I hope some people had the chance to see the movie, I would love to hear more about what you thought of it @oot ! Definitely seems like @squim 's reading of the title is correct to me. Would be interesting if there were any japanese speakers/readers here who could shed more light on this, but from what I could gather from some googling it seems to imply in Japanese that the bad/evil sleep the best — as in, the more evil you are the better you sleep. The connection between sleep and death is interesting too, especially since this was inspired by Hamlet and there’s the famous speech in Hamlet “to sleep, perchance to dream…” which is about death and suicide. The evil are sleeping fine, while the loyal, the less evil, and the good, die. Also interesting the way revenge drives Nishi to do evil things, but still he’s not evil enough to get away with it—he falls in love, while the girl’s evil father drugs her without a second thought (puts her to sleep! also interesting that the Ophelia character here is one of the few that doesn’t commit suicide… the role of suicide here vs. in Hamlet is interesting to…)
Having mentioned Hamlet a couple times, I have to say I was surprised at how little this had to do with Hamlet—I went in thinking it was going to be a somewhat more straight adaptation, at least as straight as Ran was of King Lear. Did anyone see anything particularly interesting in the connection here with Hamlet? I’m not sure knowing that was the inspiration added a whole lot of insight for me, but I don’t have any sort of expertise on Hamlet or Shakespeare…
I have a lot of love for black and white movies, and digging back through Kurosawa’s early work these past couple weeks has been such a joy, especially with this film. He is well-regarded as a master of blocking and staging (placing the actors in the frame). Few filmmakers can tell a story simply with the framing as well as Kurosawa I think. I loved this shot opening the scene of the fateful reconnection between the couple and their moment to actually be in love. It divides them with the steel beam down the center of the frame, and we’re at a distance. By the end of this scene the camera is on the opposite side of this room and they kiss sitting on the beam—the division has been crossed, but this goodness is what dooms them too.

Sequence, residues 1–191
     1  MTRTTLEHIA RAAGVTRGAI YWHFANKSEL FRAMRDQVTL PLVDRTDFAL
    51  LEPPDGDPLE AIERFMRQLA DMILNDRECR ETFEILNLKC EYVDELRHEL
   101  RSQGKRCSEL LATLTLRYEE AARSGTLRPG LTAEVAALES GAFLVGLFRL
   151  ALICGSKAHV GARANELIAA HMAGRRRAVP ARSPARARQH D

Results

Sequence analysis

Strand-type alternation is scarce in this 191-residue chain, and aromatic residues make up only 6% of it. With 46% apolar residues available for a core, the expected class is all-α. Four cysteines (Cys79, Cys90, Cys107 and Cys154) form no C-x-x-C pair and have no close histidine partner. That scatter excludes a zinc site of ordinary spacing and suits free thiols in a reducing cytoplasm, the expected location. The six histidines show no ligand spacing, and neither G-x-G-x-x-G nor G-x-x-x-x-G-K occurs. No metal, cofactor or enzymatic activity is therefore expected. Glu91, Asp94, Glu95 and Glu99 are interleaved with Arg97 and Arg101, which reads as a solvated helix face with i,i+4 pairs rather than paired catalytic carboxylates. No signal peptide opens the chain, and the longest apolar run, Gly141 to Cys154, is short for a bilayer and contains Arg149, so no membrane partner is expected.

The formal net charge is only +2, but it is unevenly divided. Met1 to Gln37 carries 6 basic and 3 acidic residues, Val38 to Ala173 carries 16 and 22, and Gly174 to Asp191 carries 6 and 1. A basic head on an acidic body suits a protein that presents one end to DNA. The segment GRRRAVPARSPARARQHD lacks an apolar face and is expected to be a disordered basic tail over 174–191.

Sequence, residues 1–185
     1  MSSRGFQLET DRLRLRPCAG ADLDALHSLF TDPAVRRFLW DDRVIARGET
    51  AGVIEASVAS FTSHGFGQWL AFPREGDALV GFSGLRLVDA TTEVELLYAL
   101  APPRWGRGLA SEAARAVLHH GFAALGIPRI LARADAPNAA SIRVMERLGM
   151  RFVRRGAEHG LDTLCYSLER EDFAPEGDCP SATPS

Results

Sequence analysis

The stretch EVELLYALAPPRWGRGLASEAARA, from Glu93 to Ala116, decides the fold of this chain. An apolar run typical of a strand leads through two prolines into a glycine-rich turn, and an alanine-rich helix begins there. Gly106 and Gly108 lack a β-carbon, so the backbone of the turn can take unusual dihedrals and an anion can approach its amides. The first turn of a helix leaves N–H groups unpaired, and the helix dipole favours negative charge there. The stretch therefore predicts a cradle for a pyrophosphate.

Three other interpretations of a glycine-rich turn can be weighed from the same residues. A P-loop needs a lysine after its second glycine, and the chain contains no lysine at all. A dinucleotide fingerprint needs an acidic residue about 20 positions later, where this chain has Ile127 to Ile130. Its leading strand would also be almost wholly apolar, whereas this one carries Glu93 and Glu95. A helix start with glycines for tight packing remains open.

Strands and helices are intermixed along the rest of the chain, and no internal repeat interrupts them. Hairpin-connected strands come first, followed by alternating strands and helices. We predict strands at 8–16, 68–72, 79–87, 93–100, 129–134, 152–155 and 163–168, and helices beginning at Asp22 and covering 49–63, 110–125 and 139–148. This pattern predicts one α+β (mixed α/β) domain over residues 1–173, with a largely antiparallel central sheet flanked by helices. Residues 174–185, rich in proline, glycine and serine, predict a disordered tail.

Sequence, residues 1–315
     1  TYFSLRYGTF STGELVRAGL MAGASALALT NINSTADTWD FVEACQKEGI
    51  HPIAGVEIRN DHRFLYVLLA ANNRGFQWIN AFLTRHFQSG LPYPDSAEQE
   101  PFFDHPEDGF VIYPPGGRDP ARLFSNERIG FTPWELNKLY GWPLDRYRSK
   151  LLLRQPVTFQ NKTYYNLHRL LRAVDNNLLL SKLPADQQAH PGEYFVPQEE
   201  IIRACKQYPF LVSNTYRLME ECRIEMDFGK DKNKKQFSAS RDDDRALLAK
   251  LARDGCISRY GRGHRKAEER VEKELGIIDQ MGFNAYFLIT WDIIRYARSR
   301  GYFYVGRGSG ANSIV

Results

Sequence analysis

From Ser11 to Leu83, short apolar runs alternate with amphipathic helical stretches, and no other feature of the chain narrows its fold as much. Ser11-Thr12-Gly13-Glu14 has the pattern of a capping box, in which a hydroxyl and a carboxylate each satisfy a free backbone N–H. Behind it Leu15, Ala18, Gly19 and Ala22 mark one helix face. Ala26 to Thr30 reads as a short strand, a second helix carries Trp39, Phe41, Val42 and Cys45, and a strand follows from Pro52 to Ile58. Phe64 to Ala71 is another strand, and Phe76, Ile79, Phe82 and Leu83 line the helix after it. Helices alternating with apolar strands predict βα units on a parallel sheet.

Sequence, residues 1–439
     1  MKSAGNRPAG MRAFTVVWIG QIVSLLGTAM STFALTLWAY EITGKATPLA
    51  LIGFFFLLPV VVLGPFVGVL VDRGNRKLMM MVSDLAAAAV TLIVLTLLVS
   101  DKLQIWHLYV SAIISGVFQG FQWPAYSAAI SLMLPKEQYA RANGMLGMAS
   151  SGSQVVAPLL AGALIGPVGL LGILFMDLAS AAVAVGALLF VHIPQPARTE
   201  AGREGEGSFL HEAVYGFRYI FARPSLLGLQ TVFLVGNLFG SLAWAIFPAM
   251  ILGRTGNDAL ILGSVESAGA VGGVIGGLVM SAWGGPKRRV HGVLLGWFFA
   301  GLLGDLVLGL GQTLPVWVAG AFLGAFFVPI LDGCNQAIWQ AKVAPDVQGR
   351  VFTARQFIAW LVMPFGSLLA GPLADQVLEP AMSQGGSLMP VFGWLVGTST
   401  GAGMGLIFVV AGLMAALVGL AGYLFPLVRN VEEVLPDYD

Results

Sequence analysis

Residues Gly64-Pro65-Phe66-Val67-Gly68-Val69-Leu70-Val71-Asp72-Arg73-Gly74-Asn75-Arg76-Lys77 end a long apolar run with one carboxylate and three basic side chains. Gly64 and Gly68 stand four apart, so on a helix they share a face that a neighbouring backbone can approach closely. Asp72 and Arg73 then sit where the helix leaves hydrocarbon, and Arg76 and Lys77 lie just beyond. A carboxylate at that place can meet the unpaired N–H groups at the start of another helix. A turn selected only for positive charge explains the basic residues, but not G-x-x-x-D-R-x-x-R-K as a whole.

I also simply loved this shot earlier at the reveal of the abandoned factory:
There are too many examples of the wonderful staging here, and most of the youtube commentariat has discussed that at length, more than anything else about Kurosawa. Still, it’s true: there are many scenes you could watch without sound/subtitles and you can see how power shifts in the scene based on the blocking.
There’s much more to be said on the story, the themes, the characters… I don’t want to ramble too much, I look forward to hearing what people thought! Did y’all like the movie? I found it surprisingly engaging considering how much of a talking-in-rooms, explaining-the-conspiracy type of movie it was, but I think Kurosawa has that power… High and Low is one of my favorite movies and the first half of that takes place in one room basically Speaking of which—how about that Toshiro Mifune ?!